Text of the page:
Excerpt from the book Sports the Olympics Forgot This book describes 40 sports that ought to be played but aren’t, because I made them up.

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The hammer throw uses an 8lb ball and is the most dangerous event to watch as timing is the key attribute rather than strength. The athlete stands on their hands and then the Hammer Judge places the hammer over one of their feet. The thrower then gyrates their foot so that the hammer spins around, faster and faster. When the athlete is ready they point their toe towards the open part of the hammer cage and hope that the hammer goes in that direction. Even the most experienced hammer throwers only get one out of every three throws heading in the right direction. Accidents are common and most competitors have been hit by their own hammer many times. Oleg Kirilenko set the record, 146 feet 9 inches, in 1987 although this was wind assisted.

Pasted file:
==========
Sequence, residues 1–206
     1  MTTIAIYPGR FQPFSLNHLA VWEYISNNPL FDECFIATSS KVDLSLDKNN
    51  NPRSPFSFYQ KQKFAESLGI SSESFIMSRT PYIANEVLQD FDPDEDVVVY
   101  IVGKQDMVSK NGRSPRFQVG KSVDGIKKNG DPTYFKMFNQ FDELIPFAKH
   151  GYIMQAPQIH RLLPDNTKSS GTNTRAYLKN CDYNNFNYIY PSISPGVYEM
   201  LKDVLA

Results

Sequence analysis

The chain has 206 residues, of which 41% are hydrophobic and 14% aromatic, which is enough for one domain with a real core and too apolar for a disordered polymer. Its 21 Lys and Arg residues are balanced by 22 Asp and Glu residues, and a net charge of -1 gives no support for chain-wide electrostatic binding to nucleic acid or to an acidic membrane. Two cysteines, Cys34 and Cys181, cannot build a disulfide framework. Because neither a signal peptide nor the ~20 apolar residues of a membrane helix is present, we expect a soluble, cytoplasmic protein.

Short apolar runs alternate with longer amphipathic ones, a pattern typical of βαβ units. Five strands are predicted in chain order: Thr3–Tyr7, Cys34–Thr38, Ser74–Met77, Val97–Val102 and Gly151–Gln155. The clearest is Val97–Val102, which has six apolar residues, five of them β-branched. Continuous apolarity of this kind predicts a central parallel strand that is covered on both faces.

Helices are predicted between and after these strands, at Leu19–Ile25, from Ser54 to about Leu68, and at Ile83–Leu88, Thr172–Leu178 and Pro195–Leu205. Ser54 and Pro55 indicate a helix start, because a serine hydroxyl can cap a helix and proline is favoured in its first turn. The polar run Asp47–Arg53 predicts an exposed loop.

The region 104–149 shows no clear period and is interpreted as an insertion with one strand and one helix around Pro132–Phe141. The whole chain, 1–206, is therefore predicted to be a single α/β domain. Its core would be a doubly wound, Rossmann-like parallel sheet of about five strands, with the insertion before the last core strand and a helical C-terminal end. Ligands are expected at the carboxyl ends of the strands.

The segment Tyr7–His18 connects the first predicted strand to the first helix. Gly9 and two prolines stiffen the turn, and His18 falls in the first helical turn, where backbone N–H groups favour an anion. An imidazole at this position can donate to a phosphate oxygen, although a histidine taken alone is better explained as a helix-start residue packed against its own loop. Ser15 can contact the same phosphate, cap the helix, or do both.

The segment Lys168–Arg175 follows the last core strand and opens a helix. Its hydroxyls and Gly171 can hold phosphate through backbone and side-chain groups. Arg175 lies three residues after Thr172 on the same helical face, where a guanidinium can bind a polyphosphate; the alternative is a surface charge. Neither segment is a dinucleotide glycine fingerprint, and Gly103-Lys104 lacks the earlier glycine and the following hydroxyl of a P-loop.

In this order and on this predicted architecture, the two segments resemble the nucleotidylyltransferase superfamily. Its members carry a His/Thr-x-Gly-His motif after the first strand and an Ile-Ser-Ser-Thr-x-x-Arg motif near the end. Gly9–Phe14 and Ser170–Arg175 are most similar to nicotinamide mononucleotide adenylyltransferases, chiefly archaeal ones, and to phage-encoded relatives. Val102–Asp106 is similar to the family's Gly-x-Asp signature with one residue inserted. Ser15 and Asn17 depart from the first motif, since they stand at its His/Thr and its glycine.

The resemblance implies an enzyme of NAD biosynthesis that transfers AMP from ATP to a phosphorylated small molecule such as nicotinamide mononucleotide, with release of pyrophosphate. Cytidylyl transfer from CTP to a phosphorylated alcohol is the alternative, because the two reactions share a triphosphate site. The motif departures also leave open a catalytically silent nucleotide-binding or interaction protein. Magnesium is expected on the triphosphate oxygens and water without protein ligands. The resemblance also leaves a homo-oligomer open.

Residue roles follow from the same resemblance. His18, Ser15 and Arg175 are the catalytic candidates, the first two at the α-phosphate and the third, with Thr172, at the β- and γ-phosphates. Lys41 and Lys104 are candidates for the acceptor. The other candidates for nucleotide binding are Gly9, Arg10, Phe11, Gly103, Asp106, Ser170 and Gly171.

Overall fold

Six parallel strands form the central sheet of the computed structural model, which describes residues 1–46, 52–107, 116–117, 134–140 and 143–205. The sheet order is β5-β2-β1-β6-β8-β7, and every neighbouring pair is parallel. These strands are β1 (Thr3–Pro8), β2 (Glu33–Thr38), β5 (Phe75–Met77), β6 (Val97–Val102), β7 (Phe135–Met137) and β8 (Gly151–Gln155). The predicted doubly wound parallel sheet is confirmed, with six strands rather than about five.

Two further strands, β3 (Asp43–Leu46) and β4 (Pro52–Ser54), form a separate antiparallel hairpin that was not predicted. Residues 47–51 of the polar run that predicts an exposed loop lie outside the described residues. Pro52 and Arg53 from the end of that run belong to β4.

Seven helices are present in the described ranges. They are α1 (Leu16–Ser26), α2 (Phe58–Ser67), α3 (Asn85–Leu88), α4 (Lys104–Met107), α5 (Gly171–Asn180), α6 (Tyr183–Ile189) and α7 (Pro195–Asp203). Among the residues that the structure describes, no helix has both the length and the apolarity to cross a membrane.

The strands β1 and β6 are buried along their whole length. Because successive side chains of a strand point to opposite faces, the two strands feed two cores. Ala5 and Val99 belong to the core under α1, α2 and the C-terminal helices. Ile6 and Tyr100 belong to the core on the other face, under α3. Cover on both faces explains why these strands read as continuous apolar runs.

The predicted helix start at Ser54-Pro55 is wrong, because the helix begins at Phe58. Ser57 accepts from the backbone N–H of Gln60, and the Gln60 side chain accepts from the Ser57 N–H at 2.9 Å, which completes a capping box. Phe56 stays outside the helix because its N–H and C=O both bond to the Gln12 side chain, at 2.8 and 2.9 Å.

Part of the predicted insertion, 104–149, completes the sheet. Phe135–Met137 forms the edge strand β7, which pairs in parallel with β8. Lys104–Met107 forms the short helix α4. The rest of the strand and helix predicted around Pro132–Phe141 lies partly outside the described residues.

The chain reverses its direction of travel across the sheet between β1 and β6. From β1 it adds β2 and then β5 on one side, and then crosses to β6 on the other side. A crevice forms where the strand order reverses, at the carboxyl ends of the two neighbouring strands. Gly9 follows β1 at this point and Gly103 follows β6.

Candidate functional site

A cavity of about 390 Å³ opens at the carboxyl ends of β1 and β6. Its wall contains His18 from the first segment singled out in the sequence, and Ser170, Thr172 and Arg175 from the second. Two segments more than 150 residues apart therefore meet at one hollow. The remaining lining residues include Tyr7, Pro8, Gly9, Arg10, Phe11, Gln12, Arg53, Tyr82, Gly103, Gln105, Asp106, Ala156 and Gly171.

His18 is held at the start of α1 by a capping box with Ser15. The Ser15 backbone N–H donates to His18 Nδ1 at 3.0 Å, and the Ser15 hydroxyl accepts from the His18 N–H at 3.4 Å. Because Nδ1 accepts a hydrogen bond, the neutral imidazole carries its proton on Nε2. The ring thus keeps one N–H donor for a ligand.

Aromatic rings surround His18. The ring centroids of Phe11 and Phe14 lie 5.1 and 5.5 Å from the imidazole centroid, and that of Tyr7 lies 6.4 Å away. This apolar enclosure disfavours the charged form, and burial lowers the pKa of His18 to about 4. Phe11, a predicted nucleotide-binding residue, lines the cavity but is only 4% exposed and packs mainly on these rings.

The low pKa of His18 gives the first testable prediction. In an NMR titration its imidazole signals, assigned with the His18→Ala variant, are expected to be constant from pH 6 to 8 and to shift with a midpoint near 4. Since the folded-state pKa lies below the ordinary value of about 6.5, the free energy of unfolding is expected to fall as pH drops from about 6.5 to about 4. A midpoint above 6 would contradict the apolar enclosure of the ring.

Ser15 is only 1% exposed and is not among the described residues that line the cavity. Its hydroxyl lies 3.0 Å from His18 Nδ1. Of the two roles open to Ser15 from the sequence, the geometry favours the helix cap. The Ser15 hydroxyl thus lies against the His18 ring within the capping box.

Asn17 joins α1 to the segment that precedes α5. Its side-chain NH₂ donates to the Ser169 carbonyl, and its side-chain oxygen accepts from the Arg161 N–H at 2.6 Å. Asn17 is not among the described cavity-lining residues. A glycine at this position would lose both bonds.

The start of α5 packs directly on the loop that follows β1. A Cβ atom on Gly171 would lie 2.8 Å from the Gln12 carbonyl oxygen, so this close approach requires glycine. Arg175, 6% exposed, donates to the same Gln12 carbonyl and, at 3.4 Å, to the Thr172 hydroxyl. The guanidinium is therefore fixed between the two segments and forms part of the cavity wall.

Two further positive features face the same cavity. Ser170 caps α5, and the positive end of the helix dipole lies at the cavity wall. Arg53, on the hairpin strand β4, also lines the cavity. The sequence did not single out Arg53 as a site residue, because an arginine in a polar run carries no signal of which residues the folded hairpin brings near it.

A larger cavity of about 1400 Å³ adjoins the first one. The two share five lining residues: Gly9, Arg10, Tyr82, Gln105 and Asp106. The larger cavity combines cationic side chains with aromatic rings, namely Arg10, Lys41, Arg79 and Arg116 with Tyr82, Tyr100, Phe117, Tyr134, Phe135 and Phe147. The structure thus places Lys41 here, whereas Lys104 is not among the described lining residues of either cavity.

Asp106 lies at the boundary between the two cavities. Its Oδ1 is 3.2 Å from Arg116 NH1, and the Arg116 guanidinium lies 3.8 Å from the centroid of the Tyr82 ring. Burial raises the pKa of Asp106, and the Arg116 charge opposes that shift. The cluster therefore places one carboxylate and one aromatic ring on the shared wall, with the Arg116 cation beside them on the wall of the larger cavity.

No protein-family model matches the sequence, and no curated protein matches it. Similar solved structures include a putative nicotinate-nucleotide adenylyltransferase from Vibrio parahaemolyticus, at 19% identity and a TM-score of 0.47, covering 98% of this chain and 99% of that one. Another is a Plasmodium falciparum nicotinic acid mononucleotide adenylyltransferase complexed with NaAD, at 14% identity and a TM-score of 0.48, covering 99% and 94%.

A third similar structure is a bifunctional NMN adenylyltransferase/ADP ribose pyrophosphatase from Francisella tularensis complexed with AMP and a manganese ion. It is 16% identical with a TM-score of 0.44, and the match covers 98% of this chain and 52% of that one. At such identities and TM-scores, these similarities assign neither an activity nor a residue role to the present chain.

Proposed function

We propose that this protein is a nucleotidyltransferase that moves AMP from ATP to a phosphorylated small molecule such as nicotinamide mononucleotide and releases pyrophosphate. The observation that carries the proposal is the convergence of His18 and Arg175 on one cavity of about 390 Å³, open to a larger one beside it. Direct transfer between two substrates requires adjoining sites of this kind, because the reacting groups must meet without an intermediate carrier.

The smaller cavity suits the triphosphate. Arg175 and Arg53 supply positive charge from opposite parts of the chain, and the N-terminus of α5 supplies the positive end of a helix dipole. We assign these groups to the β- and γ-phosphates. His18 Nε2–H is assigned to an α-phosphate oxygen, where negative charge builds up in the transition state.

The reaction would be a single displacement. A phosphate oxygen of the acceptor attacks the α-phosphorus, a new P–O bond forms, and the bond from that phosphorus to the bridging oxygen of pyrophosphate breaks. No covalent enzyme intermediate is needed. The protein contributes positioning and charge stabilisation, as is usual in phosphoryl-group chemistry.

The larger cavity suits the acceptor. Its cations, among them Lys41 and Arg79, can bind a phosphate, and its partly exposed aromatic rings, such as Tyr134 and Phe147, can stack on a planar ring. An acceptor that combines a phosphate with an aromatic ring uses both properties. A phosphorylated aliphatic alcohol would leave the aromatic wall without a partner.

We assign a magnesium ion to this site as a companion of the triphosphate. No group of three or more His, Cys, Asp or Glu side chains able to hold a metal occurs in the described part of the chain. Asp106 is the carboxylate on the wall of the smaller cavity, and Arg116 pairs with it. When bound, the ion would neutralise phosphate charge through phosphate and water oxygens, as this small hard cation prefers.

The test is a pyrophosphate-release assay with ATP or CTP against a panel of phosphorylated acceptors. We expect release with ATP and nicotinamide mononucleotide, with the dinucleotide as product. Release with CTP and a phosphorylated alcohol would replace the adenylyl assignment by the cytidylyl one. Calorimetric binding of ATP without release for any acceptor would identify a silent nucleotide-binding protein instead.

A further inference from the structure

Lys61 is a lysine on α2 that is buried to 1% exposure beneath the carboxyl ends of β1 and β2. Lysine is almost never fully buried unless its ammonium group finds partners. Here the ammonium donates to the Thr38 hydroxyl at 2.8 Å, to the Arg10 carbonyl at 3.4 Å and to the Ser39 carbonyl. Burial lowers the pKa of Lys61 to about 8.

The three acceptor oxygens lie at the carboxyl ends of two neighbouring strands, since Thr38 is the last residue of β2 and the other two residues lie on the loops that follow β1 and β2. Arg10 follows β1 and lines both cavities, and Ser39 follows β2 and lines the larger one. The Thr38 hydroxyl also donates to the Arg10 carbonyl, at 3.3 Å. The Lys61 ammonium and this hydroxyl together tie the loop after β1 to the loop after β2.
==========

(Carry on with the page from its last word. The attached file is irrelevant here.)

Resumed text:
The most balletic event is undoubtedly the 400-metres hurdles introduced in 1965. There are only 9 hurdles, 2 feet 6 inches high and 40 metres apart, in the handstand hurdles. At the start the hurdlers stand on their hands and head towards the first hurdle; when they get a suitable distance away, they spring over the hurdle and land on their feet; they must then do a handstand again before continuing the race – this process is repeated at each of the remaining 8 hurdles and then the athlete sprints to the line. The record is 1 minute 58 seconds by the Bulgarian athlete Maxim Dimitrov in 1983.